That’s a great matchup there on Thursday. Couple of laid-back guitar-playing free spirits.
So who’s the best A’s player through 50 games? Melvin said flatly that it’s third baseman Josh Donaldson on both offense and defense. Tough to argue, with him hitting .322 (with a .398 on-base) to lead the team. He also leads the team with 30 RBIs, 23 walks, 17 doubles, 58 hits and 49 games played and is tied for second in home runs with seven.
Defensively, the converted catcher has been an athletic, dynamic presence at third base and has made just four errors in 49 games.
Why has Donaldson taken it up a notch?
“It’s just confidence,” Melvin said. “He continues to swing the bat well and his confidence continues to grow. You look at his numbers he’s put up in the minor leagues and the ability’s always been there. The only thing that hasn’t been is the opportunity at the big league level. With the Sizemore injury last year, it really opened up an opportunity for him.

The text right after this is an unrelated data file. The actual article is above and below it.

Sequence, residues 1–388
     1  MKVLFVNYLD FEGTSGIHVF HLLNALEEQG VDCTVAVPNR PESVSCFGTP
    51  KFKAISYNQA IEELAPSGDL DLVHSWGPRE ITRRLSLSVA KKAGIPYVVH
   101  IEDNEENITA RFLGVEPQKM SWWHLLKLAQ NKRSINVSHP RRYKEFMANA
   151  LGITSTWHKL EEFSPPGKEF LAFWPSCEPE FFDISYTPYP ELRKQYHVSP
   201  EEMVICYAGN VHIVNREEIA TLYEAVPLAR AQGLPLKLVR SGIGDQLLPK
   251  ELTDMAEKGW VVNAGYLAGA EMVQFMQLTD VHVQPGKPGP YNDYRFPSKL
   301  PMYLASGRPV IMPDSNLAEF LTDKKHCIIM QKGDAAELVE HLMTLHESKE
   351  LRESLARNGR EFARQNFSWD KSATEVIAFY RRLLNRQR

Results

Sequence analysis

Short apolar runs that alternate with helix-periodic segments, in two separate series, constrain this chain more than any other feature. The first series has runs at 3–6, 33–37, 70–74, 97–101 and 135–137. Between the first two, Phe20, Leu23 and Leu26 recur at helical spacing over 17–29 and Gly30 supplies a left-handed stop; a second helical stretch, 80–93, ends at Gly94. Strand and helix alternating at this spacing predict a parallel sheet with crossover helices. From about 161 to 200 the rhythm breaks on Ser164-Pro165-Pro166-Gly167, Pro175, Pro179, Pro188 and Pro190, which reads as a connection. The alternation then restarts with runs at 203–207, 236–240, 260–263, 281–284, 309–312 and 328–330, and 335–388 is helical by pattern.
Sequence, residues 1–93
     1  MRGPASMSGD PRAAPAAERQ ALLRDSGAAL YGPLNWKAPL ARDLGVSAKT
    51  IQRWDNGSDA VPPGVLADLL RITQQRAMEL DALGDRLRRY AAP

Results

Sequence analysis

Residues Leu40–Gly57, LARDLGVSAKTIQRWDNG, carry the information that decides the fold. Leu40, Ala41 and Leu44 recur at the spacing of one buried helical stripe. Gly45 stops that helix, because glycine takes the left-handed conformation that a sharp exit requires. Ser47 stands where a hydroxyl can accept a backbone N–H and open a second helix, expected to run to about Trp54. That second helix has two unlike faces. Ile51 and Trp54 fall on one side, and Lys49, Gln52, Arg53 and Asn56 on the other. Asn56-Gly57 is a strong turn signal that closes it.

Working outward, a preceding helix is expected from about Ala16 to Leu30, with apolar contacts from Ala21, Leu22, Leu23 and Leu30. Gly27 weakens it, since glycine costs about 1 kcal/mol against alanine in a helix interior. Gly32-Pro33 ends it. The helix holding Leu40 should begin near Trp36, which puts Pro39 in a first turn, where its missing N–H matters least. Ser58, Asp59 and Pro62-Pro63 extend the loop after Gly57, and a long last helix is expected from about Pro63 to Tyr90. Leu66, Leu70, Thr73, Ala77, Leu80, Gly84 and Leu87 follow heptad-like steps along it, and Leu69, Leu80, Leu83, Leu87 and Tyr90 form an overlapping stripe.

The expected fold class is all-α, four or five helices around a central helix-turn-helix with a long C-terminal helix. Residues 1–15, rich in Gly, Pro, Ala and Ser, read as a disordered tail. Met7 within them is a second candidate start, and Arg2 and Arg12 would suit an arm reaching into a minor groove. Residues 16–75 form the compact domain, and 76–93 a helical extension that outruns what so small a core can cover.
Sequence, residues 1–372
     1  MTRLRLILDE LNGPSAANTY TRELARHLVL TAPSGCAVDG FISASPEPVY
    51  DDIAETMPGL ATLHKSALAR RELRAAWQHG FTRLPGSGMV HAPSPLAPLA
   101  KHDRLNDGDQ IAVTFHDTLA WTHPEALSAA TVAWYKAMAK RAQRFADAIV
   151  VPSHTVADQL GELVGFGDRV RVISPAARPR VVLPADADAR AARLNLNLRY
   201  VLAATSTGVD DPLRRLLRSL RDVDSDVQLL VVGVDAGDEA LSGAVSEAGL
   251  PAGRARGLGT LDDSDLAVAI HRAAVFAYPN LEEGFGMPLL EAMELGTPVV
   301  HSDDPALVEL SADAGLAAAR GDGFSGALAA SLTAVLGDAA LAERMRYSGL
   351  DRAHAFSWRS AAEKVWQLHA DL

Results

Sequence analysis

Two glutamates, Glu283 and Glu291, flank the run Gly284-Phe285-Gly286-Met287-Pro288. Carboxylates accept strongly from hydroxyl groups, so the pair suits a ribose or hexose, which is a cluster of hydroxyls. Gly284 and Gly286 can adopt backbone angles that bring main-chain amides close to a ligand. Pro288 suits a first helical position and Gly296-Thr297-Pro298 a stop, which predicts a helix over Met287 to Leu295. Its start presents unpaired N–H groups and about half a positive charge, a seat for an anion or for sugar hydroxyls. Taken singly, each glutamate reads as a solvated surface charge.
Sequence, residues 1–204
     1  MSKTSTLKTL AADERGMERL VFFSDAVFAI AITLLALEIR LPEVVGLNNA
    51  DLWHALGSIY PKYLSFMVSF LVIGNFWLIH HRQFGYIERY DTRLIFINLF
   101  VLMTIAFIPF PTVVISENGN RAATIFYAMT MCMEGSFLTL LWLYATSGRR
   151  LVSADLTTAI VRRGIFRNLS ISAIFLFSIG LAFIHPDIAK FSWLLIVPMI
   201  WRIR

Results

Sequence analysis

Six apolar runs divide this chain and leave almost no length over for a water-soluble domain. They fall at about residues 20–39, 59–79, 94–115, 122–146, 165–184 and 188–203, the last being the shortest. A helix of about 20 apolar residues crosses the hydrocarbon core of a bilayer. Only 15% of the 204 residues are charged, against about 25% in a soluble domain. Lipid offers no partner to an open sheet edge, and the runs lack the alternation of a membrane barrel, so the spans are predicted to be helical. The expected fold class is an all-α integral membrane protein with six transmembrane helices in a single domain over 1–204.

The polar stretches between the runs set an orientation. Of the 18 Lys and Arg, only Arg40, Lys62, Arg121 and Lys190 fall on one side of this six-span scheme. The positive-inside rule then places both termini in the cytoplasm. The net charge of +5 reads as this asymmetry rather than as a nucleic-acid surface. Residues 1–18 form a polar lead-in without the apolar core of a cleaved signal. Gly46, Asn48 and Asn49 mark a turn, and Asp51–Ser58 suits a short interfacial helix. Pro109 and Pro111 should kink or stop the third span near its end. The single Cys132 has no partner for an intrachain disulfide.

“He’s taken the job, seized it, and I think he’s played more games than anybody on our team. To this point in time, he’s probably been our most consistent player, offensively and defensively.”
The A’s haven’t had a position player All-Star since Ramon Hernandez in 2003 but Donaldson could work his way into the conversation if he keeps it up. There’s some tough competition in the A.L., what with Miguel Cabrera the sure starter at third base and guys like Evan Longoria, Adrian Beltre and Manny Machado also having outstanding years.
“We’re only in May, but I know the ballots are out there, and he’s certainly making a case for himself,” Melvin said.
Melvin said he would love to see multiple players from the A’s make the All-Star team. The only thing he doesn’t want to see is Yoenis Cespedes in the Home Run Derby. It would probably mean he’d have to go as Cespedes’ favorite gopher-ball server.
Our Dan Brown got a chance to talk to Wally Haas the other night about his late father Walter A. Haas Jr. being inducted into the Bay Area Sports Hall of Fame. Here’s what Wally had to say: